University of Hawaii

Electrical Engineering

Design and Performance of an Automated Production Test System for a Muon Detector

Date: 2016-10-11           Add to Google Calendar
Time: 3:30pm - 5:30pm
Location: Holmes Hall 389
Speaker: Bronson Edralin, candidate for MS, advisor: Gary Varner

Design and Performance of an Automated Production Test System for a 20,000 Channel Single-Photon, Sub Nanosecond Large Area Muon Detector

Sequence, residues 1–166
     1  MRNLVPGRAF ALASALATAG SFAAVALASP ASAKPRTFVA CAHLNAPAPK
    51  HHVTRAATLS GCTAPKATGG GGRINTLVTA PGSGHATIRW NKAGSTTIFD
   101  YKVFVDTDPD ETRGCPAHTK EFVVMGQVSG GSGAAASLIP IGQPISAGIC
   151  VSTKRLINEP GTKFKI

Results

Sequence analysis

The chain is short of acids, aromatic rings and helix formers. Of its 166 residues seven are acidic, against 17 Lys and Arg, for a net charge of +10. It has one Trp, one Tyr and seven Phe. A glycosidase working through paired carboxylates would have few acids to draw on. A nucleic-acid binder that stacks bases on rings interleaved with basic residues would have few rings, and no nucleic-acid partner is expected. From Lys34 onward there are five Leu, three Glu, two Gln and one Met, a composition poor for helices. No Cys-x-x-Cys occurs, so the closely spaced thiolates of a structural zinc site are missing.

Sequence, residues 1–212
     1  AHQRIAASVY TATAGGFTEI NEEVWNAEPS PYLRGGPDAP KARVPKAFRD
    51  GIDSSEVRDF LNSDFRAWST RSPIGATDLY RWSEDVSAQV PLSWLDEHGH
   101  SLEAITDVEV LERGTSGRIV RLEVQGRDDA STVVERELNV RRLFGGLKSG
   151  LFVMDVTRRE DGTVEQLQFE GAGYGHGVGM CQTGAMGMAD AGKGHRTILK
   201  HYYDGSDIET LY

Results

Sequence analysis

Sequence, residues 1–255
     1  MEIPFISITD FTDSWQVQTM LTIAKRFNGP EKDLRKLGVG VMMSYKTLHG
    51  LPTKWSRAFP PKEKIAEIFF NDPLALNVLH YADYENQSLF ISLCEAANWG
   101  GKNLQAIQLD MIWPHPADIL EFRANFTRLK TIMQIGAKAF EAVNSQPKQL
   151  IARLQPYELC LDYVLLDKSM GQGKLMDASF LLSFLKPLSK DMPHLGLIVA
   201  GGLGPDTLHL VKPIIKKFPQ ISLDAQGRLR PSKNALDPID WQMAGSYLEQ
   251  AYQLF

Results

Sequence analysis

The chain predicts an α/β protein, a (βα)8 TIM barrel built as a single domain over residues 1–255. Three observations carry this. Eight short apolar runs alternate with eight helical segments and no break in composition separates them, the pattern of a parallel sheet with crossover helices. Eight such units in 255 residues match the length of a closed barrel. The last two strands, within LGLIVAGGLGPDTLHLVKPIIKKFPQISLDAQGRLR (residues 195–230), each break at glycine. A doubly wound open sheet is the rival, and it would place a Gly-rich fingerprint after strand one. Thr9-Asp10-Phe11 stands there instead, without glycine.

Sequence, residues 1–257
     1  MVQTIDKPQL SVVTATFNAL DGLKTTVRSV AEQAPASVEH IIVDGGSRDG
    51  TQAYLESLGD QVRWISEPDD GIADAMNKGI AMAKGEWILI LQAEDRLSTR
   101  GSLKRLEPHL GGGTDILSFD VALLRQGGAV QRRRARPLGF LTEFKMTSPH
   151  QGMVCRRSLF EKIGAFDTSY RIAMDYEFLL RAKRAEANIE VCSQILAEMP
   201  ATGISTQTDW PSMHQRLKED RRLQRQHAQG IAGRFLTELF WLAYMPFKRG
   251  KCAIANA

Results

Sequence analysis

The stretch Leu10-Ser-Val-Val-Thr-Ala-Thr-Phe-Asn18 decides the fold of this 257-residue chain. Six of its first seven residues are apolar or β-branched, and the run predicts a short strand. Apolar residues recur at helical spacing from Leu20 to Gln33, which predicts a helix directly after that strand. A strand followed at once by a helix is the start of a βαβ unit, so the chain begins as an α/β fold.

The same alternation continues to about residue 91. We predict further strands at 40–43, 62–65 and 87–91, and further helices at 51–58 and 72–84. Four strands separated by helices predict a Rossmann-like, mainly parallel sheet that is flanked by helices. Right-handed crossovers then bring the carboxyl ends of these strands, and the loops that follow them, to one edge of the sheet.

The successful physics program of the Belle experiment at KEK, Tsukuba, Japan, resulted in an upgrade of the KEKB collider and of the Belle detector. The expanded Belle II international collaboration, consisting of about 500 physicists from 100 institutions spread worldwide, aims to investigate the Standard Model of particle physics, more specifically in a search for rare B and D mason decays, and charge parity (CP) violation, by performing unprecedented precision measurements. University of Hawaii at Manoa (UH Manoa) played a lead role in the design and construction of the iTOP and KLM detectors, in particular their electronic readout. For this purpose, a pair of state-of-the-art Application Specific Integrated Circuits (ASIC) were developed in support for this world class experiment. Details of the TARGET-X ASIC, a 16-channel Giga sample per second (GSPS) digitizer, developed by the Instrumentation Development Laboratory (IDLab), will be presented. I developed automated calibration routines and verified the performance of the ASIC. In addition, the KLM detector readout electronics system was mass produced. I developed fully automated production test software to systematically verify its correct operation. A serial numbering system with barcodes was set in place to properly monitor each sub-readout module and store results in a PostgreSQL database. I will also present the complete readout system, consisting of more than 20000 measurement channels, and its associated electronic system.